- Additional to the lack of sanitary standards during that time period, medical practices were also lacking in useful, life-saving techniques. For example, mercury was often used to treat many types of ailments through a substance called Calomel. Today, we know that mercury is proven to be toxic to the nervous system and can be fatal. Trivial injuries that could be treated easily today were fixed by amputation, which accounted for 75% of the surgeries performed during the Civil War. In addition to surgeries, antiseptic knowledge was unknown which lead to many post-surgical infections and eventually death. Chloroform was used as an anesthetic to aid in surgeries although some doctors relied solely on “surgical shock” to perform surgeries. The main reason that medical professionals were performing such poor operations and practices is that they simply did not know any better. To quote Surgeon General William Hammond, the surgeon general from 1862-1864, the Civil War was “the end of the medical Middle Ages.” More modern and sanitary practices didn’t occur until about the end of the 19th and beginning of the 20th centuries.
The lack of preventative measures and care during the Civil War led to widespread disease and preventable deaths. With about two thirds of soldiers dying due to diseases, poor sanitary standards and medical practices contributed a large factor in the outcome of the war.
Record of the sanitary conditions of the army and gives details as to what the lives of a soldier in the Civil War and denotes the standards and diseases encountered during that period. It is the record that sparked my interest for this project.
U.S. Army account and detailing of what heat casualties are and how to recognize and prevent them. Mainly used this as backup reference to get accurate data.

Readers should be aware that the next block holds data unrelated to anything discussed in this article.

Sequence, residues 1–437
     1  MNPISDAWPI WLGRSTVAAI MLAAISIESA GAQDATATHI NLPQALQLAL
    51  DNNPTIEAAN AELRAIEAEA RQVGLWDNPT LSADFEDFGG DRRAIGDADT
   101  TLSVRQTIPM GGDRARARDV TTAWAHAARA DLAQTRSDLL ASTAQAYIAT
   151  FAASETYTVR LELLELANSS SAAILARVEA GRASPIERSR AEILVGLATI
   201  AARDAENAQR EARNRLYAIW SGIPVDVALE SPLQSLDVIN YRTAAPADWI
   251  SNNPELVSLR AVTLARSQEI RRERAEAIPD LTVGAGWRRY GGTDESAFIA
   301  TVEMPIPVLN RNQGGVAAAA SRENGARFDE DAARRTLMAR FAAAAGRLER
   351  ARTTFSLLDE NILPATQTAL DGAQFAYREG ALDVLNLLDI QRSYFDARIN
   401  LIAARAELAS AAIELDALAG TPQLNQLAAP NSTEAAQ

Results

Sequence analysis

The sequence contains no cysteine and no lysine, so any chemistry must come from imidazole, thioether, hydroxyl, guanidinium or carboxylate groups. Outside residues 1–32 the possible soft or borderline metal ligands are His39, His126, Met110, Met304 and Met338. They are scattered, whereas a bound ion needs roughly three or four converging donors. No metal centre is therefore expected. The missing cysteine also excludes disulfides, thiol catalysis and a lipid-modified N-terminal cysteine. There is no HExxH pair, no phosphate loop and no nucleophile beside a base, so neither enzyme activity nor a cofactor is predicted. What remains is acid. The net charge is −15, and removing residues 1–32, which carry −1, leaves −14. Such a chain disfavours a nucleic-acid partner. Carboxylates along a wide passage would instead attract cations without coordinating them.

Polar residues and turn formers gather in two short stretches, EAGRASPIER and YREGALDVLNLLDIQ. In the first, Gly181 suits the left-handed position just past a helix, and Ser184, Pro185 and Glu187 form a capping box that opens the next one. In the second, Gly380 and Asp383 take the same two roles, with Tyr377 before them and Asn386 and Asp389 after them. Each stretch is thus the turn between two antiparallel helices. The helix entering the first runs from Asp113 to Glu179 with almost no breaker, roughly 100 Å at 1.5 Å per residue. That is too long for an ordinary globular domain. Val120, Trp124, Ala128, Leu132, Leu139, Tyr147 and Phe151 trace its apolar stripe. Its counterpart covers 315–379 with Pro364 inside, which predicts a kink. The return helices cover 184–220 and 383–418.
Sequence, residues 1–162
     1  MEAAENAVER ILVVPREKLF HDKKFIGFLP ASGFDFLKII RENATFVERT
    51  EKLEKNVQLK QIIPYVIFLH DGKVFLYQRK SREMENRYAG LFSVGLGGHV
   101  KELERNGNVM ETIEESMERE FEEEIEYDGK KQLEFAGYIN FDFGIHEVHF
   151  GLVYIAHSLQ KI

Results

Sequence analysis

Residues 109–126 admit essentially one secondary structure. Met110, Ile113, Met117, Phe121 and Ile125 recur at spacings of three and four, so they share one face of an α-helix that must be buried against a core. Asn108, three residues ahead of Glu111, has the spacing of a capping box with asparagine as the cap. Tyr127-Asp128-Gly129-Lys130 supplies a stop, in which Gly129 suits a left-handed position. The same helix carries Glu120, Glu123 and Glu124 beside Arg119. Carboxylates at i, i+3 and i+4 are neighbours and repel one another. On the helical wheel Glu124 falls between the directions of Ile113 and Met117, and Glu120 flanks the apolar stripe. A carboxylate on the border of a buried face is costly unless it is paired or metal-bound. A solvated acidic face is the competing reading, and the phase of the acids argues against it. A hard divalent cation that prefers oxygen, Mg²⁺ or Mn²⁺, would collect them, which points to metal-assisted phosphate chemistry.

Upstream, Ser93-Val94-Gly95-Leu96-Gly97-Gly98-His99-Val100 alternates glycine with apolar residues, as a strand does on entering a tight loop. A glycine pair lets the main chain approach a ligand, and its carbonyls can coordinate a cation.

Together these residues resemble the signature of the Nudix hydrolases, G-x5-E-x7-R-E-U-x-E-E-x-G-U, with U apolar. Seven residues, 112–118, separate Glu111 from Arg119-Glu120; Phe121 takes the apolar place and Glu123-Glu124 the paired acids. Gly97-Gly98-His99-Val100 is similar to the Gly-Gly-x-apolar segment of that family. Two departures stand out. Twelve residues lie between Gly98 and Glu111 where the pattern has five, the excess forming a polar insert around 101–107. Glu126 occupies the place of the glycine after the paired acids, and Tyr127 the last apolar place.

U.S. Army account and detailing of what cold weather injuries are and how to recognize and prevent them. Mainly used this as backup reference to get accurate data.
Gave account of the medical practices during the Civil War and allowed me to place it in a timeline of the advancements in medicine.
An good analysis on the medicinal practices that took place during the Civil War and gave insight to the conditions soldiers faced.
A brief history on the beginning of the Sanitary Commision and how it has changed over the years. This allowed me to produce a mental timeline of the USSC and relate it to the Civil War.
An explanation on the living conditions a soldier experienced living in a military camp during the Civil War. Was very important in assessing sanitary conditions and the risks involved.
An account of the most common diseases encountered by medical professionals during the Civil War and provided statistics.
An account of medicinal practices during the Civil War and how ineffective they were.
A list of commonly asked questions about the Civil War and their answers, several of which pertained or related to my topic.
An account of the recruitment trends and the reality around it during the Civil War.